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DNR News

February 21, 2013

Aiken County wildlife area opens to the public four Saturdays in March

Aiken County’s Crackerneck Wildlife Management Area and Ecological Reserve will be open to the public on the first four Saturdays during the month of March (2, 9, 16 and 23). The final Saturday (March 30) will be reserved for a youth turkey hunt.

The Crackerneck Wildlife Management Area and Ecological Reserve is composed of 10,470 acres owned by the U.S. Department of Energy. The area is located in Aiken County, along the Savannah River and south of the town of Jackson, off SC 125. Access is through the check station gate off Brown Road. To request a detailed map of the Crackerneck Wildlife Management Area and Ecological Reserve, including special rules and regulations, contact the S.C. Department of Natural Resources office on the Savannah River Site at (803) 725-3663. You may also request the map by e-mail—please include your name and postal mailing address and send it to caudellm@dnr.sc.gov. Maps are also available at the check station where visitors sign in.Skinface Pond

The area will be open for scouting, fishing and some other outdoor activities. All visitors must sign in before entering and sign out prior to leaving. No managed trails exist on the property. Bikes and horses are confined to the 50-mile road system and selected firebreaks. No weapons are allowed during this period. Hours are 6 a.m. to 8 p.m. Insect repellant is recommended for all users and recreationists should bring their own water. One port-o-let is located at the check station.

Hunters are encouraged to utilize these open dates to scout the area prior to turkey season. Habitat changes are continually occurring due to timber harvests, prescribed burns, weather events and road construction.
Fishing will be allowed although fishermen should be aware that due to low water, catch rates will be poor. Limited opportunities exist in Skinface Pond where the bass limit is two per person per day with a 14-inch minimum. A couple of swamp lakes are accessible with small boats.

No bike trails exist at the present time. Mountain bikes are restricted to the 50-mile road system and selected firebreaks. Most roads are improved with crush-and-run, but offer relatively smooth riding.

Great opportunities exist for birders to view spring migrants and winter or permanent residents. Birding for terrestrial species is productive and easy due to the road system that traverses a variety of habitats. Wetland species also occur at Crackerneck, but are difficult to access and observe. DNR personnel at the gate can provide locations for species of interest.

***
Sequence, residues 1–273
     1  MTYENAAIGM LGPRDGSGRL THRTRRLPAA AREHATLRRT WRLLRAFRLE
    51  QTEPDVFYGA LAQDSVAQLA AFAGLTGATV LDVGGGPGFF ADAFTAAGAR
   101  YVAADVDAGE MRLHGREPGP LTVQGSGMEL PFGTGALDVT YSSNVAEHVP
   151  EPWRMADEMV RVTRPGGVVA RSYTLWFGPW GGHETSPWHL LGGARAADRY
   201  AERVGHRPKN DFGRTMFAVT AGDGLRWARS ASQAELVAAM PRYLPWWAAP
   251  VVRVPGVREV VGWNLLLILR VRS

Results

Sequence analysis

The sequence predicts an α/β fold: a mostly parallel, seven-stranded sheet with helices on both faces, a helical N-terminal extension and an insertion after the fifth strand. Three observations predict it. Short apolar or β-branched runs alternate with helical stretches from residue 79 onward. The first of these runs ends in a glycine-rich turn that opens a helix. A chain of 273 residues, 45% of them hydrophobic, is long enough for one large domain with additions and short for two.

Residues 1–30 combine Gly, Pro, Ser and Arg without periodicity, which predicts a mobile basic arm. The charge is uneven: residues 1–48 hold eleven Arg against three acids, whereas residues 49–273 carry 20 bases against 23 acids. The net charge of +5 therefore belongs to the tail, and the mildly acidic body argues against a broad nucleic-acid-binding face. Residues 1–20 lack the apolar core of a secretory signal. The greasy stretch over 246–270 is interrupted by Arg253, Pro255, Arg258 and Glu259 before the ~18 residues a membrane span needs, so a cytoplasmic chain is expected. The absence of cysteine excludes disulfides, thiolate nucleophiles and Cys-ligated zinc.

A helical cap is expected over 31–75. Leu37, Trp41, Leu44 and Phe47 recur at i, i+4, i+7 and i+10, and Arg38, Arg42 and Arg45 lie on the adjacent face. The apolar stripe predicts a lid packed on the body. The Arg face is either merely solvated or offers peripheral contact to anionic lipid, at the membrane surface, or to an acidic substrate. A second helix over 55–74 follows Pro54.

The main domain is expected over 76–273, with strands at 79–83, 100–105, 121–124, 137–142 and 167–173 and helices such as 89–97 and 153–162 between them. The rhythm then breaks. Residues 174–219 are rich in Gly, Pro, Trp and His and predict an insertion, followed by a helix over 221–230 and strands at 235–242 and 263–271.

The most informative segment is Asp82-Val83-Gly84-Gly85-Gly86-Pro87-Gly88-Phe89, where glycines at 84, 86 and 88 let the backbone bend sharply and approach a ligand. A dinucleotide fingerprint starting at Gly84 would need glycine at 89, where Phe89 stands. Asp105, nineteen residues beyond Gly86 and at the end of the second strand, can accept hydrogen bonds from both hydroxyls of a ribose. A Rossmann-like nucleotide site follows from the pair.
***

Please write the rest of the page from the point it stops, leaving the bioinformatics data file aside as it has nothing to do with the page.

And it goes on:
No hiking trail exists at present, but the 50-mile road system goes through scenic areas and is a suitable substitute. In addition, hikers can use a 30-mile network of firebreaks that will get them off the beaten path. The more adventurous hikers can blaze their own trails just as hunters do. For anyone entering the Savannah River swamp, a compass and/or GPS unit are strongly recommended.

Many people just enjoy touring the road system to see what can be observed, whether it be wildlife, wildflowers, old home sites or cemeteries and forestry and wildlife management practices. The entire 50-mile road system can be enjoyably ridden in under four hours. All roads, including jeep trails, are maintained in excellent condition.

Limited opportunities exist for canoeing in Skinface Pond or a few accessible swamp lakes that are picturesque. Alligators, snakes and a variety of water birds will be encountered. Access to Upper Three Runs Creek is prohibited for any reason.

Horses are limited to the 50-mile road system and selected firebreaks. While most roads are crush-and-run, they are well vegetated and horses seem to handle them well. Main roads have wide clearances so shoulders are an option. Firebreaks can be utilized when not planted for wildlife. Several places around Crackerneck are large enough to park several horse trailers.

Photographers have grand opportunities with wildlife, wildflowers, scenic vistas, and forestry and wildlife management practices to name a few. However, photographers should have realistic expectations when trying to photograph wildlife. While abundant, wild animals at Crackerneck are truly wild and elusive. Stealth is necessary for success. Most animals are more active at dawn and dusk rather than mid-day.


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